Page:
When I was a kid, my cousins lived in an old colonial house in Connecticut. On a visit, one of them told me the ceilings of the house were made out of canvas. I didn't believe him. He grabbed a broomstick and pushed the tip against the ceiling. It moved upwards, like fabric. Then my uncle walked in and yelled at him (apparently canvas ceilings are very expensive to fix).
Fabric ceilings have evolved a lot since colonial days, gaining both illuminating functionality and greater aesthetic options. One of the leaders in the space is a UK-based company with a distinct competitive advantage: Like Xerox and Kleenex, the company's name is what laypeople refer to the entire product category as, Stretch Ceilings.
The company, which primarily targets commercial clients, sells systems that can incorporate lighting and graphics. They produce a variety of extruded plastic or aluminum tracks that are installed around the perimeter of a wall or otherwise suspended below the existing ceiling, and a lightweight PVC fabric is attached to the track.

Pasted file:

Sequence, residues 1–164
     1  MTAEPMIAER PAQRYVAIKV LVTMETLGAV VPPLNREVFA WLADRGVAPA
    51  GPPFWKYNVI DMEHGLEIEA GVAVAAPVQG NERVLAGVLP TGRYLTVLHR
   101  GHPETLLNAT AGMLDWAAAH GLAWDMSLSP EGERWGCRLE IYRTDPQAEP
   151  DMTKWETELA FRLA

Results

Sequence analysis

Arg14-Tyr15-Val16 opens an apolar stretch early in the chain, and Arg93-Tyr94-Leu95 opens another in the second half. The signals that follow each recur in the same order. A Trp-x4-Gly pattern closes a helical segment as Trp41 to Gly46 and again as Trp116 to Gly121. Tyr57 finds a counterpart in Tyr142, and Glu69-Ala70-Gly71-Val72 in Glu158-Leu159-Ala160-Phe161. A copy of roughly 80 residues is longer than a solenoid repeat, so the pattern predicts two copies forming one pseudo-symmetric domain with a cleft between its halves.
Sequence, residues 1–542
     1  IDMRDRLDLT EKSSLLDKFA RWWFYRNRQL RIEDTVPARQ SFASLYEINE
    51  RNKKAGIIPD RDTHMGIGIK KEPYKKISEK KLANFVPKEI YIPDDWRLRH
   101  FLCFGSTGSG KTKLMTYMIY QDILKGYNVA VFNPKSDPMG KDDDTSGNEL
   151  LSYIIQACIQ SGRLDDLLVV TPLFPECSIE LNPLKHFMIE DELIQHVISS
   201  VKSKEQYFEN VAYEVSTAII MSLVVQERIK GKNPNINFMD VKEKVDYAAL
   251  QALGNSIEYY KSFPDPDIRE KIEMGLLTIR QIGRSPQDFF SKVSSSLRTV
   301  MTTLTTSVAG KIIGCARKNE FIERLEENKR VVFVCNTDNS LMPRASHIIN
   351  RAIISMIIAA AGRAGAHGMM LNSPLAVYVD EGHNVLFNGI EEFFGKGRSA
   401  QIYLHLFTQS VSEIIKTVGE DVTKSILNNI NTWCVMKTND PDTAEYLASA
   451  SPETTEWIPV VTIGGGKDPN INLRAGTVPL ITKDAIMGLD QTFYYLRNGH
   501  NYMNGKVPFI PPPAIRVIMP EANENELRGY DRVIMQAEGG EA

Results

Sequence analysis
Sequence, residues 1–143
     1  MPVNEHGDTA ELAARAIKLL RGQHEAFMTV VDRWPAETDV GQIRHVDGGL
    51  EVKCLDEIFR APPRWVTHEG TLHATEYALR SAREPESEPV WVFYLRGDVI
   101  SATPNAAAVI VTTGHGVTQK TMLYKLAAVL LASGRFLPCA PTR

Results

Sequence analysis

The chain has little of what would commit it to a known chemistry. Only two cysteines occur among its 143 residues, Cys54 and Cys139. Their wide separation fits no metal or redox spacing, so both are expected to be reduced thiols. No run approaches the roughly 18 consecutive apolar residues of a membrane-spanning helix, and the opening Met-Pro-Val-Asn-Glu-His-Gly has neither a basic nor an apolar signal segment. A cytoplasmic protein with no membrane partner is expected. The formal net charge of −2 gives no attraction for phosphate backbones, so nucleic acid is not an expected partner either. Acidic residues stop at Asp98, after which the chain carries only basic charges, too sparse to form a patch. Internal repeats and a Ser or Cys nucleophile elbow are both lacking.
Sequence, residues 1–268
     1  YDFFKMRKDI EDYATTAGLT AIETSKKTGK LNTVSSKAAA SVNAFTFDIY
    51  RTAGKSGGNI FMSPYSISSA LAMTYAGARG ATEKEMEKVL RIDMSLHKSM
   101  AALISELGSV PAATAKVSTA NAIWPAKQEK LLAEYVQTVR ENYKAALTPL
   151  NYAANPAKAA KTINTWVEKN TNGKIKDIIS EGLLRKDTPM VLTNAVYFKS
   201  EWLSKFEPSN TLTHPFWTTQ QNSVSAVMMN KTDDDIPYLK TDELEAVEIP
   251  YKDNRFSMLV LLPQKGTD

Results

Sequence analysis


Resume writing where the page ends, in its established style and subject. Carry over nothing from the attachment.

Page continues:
The resultant stretched ceilings can then be dotted with canister lighting, as seen in this residential application…
…but the larger opportunity is to use the ceiling itself as a light fixture. Since the PVC fabric can be produced as thin as 0.2mm--offering light transmission around 75%--the entire ceiling surface can be made into a massive lightbox.
Alternatively, designers can get creative with the shapes of the lighting.
The fabric can also be printed upon.
With a more complicated supporting structure, the fabric can also be curved, albeit with limitations.
Lastly, the fabric serves as a vapor barrier, making it an ideal ceiling surface for spaces subject to humidity.
You can check out more applications for stretch ceilings here.
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